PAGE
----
|London, United Kingdom|
|Ludgate Hill, Fleet Street, Farringdon Street and New Bridge Street|
|Opened||Between 1864 and 1875|
Fleet Street was the only direct road between the cities of London and Westminster till the Embankment was opened in 1870. The Circus crosses the River Fleet, London's largest subterranean river. The concave-arced façades of the buildings facing the Circus were constructed between 1864 and 1875 using Haytor granite from Dartmoor in Devon transported via the prototype Haytor Granite Tramway.
The name Ludgate, according to Stow in his 1598 Survey of London, was derived from the belief that the gate had been created by the pre-Roman British king of London, King Lud, as many of his contemporaries believed. When a new gate was erected a statue on it depicted him, along with one of Queen Elizabeth I.
Had the Fleet line of the London Underground been built, it would have had a station at Ludgate Circus. However, the Fleet line's proposed route evolved into what is now the Jubilee line, which went south of the River Thames before reaching Ludgate Circus. In 1990 however, St. Paul's Thameslink (later renamed City Thameslink) was opened on the proposed site, abolishing Ludgate Hill and Holborn Viaduct stations. In an episode of Rumpole of the Bailey is a wide shot of St Bride's Church and Ludgate Circus filmed c. 1988, before City Thameslink station was built.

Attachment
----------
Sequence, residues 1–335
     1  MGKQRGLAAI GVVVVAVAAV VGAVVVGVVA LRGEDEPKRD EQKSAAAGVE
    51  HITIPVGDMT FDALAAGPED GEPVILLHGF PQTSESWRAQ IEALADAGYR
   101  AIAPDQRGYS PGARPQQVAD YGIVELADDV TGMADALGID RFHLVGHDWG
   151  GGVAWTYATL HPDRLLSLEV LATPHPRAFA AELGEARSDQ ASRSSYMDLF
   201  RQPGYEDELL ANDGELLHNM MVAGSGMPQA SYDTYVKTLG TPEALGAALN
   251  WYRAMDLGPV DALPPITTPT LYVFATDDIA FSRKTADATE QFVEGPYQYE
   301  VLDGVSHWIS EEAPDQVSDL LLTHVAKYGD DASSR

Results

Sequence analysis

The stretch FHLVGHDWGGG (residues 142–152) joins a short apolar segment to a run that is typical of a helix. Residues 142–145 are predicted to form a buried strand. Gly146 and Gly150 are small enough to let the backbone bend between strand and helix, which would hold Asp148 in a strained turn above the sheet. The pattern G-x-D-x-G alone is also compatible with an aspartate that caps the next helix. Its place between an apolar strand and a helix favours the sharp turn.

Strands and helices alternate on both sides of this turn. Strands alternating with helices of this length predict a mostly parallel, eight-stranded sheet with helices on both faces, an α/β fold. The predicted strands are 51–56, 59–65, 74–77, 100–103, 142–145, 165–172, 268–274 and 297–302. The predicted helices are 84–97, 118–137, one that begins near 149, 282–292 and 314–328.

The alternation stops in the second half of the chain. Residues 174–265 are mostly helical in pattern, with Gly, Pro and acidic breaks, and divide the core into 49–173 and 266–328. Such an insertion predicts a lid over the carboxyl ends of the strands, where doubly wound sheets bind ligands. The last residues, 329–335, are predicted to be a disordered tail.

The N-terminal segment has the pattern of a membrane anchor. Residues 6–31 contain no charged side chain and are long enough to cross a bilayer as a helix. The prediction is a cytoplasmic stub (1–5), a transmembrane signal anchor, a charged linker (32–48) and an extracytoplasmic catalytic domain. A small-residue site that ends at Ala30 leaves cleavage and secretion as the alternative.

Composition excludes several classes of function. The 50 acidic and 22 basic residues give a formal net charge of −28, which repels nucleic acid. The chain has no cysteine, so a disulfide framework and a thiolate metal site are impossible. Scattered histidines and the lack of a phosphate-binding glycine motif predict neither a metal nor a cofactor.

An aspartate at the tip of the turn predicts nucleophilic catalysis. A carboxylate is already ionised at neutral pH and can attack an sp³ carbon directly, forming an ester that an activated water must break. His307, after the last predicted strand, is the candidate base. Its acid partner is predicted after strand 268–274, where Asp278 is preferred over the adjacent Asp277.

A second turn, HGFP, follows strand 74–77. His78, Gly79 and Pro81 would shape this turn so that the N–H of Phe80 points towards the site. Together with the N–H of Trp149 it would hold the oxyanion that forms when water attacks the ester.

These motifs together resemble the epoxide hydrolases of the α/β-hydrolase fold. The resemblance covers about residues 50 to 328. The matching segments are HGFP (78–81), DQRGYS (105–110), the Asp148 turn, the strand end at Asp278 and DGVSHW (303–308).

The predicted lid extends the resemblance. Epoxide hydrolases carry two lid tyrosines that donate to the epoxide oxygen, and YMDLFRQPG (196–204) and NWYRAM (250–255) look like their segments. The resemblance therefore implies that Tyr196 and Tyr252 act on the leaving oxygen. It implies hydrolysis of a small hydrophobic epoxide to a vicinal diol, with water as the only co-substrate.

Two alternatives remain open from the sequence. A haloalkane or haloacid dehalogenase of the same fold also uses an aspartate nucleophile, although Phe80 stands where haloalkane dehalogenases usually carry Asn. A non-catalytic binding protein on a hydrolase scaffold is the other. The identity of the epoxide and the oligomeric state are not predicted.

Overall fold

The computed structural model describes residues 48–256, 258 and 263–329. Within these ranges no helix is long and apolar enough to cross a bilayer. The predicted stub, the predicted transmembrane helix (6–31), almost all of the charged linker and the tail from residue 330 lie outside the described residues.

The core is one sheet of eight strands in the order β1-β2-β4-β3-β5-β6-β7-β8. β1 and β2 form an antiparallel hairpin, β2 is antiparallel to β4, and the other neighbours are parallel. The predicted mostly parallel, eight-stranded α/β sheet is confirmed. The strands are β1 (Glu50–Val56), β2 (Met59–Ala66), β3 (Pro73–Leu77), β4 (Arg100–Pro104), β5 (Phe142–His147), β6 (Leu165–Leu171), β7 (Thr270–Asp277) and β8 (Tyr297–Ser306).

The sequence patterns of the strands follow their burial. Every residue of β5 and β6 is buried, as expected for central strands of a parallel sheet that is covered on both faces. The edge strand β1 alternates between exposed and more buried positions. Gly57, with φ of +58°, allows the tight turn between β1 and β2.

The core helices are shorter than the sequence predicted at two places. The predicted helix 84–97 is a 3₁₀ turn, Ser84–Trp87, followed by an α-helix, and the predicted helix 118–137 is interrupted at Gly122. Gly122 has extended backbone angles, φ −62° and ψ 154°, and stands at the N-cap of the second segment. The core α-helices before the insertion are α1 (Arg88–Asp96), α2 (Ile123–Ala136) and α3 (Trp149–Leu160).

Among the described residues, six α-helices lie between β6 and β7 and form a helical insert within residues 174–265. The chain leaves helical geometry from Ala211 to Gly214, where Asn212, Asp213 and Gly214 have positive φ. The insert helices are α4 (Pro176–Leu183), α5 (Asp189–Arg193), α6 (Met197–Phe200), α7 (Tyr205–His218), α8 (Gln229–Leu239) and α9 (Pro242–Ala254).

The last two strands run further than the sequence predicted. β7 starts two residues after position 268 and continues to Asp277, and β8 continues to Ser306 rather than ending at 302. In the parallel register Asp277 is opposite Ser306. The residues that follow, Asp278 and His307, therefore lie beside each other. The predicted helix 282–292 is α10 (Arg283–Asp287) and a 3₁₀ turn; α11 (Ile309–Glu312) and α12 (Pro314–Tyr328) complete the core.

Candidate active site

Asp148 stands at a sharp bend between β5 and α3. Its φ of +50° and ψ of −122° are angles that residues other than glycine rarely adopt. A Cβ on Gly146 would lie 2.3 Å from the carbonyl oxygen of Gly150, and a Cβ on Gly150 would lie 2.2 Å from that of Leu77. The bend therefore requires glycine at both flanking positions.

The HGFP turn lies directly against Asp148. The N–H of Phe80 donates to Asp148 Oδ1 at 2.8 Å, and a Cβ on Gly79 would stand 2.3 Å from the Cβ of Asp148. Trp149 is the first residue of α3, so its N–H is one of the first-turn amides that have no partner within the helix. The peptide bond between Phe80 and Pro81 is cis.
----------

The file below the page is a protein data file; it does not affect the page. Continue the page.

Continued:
- "Victorian London – Districts- Streets – Ludgate Hill". The Dictionary of Victorian London. Retrieved 4 August 2013. CS1 maint: discouraged parameter (link)
- 'The Farringdon Wards of the City of London a ... history' pp. 7–15, by Tony Sharp, London 2002
- Season 5, episode 6 Rumpole and the Quality of Life: starting at 19m 37s
- Events in telecommunications history: 1906. BT. Retrieved 19 October 2017.
- "Western-Electric Co." Grace's Guide to British Industrial History. Retrieved 19 October 2017.